She once aspired to a career in dance and theater, and brought the expressive qualities of those arts to her journalism.
Covering South Africa was a defining experience for her. She first went there for the Post in 1990, when Nelson Mandela was released from prison after 27 years. She returned in 1994 for the nation's first multiracial election and stayed on to cover Mandela's presidency.
In Mandela, Mobutu and Me, her 2003 memoir about her years in Africa, she wrote of feeling connected to a "vast African narrative that resonates within me like an ancestral whisper.
"But sometimes the whisper was a scream," she added, "for I also had to grapple with ugly Africa: The Africa of horror and unspeakable brutality; the Africa that sometimes made me question the existence of God; the Africa that I could not ignore if I was to claim the continent as my own."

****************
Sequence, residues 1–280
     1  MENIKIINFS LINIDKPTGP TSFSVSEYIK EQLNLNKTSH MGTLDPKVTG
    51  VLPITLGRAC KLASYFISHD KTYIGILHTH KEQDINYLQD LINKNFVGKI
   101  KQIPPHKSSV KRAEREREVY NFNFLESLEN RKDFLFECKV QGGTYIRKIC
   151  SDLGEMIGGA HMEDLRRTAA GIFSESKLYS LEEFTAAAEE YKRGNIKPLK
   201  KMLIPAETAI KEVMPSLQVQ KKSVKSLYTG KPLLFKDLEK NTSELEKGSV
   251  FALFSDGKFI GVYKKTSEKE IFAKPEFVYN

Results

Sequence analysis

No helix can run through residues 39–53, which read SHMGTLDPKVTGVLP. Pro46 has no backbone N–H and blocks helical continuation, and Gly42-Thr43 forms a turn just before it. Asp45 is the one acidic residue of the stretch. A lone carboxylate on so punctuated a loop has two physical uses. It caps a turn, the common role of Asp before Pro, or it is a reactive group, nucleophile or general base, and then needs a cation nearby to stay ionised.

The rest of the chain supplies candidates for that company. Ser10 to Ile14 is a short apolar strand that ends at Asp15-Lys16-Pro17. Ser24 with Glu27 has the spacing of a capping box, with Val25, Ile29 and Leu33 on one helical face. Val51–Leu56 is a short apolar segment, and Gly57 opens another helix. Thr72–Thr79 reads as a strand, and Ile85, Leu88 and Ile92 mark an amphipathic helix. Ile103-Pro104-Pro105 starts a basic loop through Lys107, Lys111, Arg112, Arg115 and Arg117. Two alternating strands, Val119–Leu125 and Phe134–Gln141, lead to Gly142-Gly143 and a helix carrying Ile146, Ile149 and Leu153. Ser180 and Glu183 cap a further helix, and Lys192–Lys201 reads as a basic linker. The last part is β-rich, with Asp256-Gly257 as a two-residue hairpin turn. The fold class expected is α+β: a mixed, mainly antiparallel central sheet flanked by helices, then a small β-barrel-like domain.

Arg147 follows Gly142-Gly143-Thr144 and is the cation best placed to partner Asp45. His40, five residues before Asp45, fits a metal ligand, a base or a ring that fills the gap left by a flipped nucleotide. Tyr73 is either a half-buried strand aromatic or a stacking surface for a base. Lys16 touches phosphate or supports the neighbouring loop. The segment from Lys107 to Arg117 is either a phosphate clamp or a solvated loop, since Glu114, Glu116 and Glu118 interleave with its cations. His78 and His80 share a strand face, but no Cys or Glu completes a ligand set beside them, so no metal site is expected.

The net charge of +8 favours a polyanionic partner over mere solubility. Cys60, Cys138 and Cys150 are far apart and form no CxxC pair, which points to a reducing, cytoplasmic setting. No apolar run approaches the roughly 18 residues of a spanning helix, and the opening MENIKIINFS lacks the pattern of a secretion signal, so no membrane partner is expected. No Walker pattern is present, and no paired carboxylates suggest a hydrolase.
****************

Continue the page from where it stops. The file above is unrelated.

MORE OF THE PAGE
Ms. Duke began her career at the Miami Herald after graduating from Columbia University's journalism school in 1985. She was a Pulitzer Prize finalist for a 1987 feature article about the violent fallout of crack cocaine and intransigent poverty at a Miami public housing project.
Her first marriage ended in divorce. Survivors include her husband; her father, Hubert Duke; her mother, Constance Duke-Allston; and three siblings. - Washington Post